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School uniforms, again

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POSTED: June 14, 2007 5:02 a.m.

Opponents of school uniforms in general or just the one proposed by Bryan County School administrators can relax for a while, now that the BoE voted against approving the policy at Thursday’s meeting.

But it seems likely the same policy, or a similar one will be back on an agenda sometime next year. And unless school officials do a better job of getting parents in the loop, the same controversy could unfold next time around. And that’s too bad, because it seems to us that school officials need to be more focused on what kids learn than they have been on what they wear.

But that’s not to say we’re opposed to uniforms. We believe there's ample reason to support a uniform policy that is fair to kids and parents.

For example, such a policy may help eliminate some of the fashion statements which are obviously plaguing school administrators.

And you only had to be at Thursday’s BoE meeting to hear what some of those fashion statements were. T-shirts bearing lewd or otherwise objectionable messages and clothing that left little to the imagination were just some of the problems outlined by Richmond Hill High School Principal Charles Spann.

And every principal who spoke at the meeting talked of the time it took out of the school day to deal with those who violated the current dress code.

What’s more, uniforms could go a long way toward diminishing the differences in dress between those who have and those who don’t. We think that’s important. Because while most adults have learned enough through experience not to judge a person by the cost of his or her clothes, some kids are a different story. And it’s tough enough being poor in a community where so many are fortunate without being constantly reminded of it at school – which is the only avenue those who are poor have to escape their poverty.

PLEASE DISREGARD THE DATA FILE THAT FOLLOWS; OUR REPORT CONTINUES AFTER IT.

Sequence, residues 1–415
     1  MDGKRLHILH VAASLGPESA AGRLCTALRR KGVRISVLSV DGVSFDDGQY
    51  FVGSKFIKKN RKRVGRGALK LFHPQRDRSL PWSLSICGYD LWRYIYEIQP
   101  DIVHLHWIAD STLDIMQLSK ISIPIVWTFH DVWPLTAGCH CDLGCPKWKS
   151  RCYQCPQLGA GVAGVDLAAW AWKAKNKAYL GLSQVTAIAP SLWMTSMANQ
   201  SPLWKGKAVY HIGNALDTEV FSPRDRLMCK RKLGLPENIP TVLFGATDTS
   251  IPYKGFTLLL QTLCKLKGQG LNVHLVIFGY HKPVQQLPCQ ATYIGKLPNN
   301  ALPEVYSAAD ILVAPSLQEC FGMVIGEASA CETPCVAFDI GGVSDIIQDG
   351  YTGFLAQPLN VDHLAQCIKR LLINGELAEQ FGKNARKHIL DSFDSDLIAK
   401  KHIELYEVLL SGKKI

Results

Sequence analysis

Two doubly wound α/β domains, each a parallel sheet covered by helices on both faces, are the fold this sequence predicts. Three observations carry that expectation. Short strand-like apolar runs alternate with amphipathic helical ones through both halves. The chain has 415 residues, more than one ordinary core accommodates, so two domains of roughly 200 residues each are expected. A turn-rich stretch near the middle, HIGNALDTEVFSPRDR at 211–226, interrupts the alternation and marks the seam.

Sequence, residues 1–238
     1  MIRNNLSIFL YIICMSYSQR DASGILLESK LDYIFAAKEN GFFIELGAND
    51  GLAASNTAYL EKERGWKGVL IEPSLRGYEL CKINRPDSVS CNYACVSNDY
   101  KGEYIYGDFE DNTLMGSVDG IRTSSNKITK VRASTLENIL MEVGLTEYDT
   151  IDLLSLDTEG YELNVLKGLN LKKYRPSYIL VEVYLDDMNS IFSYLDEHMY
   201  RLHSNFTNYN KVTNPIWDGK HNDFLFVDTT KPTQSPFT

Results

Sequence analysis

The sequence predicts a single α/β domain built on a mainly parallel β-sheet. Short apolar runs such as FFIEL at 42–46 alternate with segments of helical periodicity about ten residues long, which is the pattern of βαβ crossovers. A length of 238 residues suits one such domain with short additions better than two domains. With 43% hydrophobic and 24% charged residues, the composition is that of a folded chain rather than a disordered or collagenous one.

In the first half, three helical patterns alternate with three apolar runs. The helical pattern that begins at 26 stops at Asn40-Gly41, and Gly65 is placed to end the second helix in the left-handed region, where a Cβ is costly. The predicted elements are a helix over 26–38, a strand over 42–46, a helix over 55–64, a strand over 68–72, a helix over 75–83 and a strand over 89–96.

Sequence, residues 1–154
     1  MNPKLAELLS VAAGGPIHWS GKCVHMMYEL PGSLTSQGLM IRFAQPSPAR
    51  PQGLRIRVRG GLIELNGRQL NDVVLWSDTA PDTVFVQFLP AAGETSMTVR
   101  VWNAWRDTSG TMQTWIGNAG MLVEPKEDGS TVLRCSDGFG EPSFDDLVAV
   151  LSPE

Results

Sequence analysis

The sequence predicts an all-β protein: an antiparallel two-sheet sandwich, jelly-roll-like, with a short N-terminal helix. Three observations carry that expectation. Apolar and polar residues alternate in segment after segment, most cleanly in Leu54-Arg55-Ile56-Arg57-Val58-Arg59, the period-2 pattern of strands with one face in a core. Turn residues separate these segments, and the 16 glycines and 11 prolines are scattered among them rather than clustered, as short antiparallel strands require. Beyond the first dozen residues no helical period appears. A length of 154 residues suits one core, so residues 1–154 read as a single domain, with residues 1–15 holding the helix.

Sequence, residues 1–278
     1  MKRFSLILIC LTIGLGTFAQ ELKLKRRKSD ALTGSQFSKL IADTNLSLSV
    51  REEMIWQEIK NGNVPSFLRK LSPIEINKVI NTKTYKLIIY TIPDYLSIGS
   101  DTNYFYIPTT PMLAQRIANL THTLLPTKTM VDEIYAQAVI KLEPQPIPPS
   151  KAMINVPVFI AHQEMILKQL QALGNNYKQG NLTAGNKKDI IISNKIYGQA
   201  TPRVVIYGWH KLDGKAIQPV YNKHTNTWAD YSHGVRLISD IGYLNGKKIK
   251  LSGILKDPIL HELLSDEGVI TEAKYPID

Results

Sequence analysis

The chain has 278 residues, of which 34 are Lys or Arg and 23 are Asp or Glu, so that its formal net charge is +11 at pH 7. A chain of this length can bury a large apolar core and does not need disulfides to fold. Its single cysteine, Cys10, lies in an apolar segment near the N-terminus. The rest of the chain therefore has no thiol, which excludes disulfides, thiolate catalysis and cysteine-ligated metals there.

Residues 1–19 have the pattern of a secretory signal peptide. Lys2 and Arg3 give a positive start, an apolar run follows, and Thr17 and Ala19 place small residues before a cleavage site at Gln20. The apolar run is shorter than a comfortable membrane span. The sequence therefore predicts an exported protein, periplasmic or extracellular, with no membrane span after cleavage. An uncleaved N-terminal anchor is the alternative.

On the flip side, opponents of the most recent policy up for a vote raised valid points which should be taken into full account by school leaders. White shirts or pants are a bad idea, period. And, to be fair, if administrators think a uniform policy will magically make it easier or less time consuming to deal with kids who want to make "fashion statements," our guess is they’re wrong. Kids being kids – and let's remember they only get to be kids for a short time – some will always figure out ways to circumvent the rules whether they're called a dress code or a uniform policy.

And then there are some who are against uniforms on principle. They believe a mandatory uniform policy abrogates one of their rights as parents – the right to dress their child as they see fit. Some also see school uniforms as one more example of Big Brother government overstepping its bounds.

We understand those concerns as well. But we also believe there are times when government has the obligation to take steps it believes necessary to ensure it can do its job. In this case, the BoE and school administrators are by law bound to do the best they can to educate our kids – and part of that responsibility is providing the best environment possible so our kids can learn.

Those who see this as another example of Big Brother closing in might be well served to spend a day with an administrator charged with enforcing dress codes. They might then decide there’s not enough Big Brother to go around.

To us, the bottom line is administrators and teachers wouldn't support such a move unless they truly thought school uniforms would help make Bryan County's schools more conducive to learning. If that is indeed the case, we should back their effort.

Bryan County News

May 30, 2007

 

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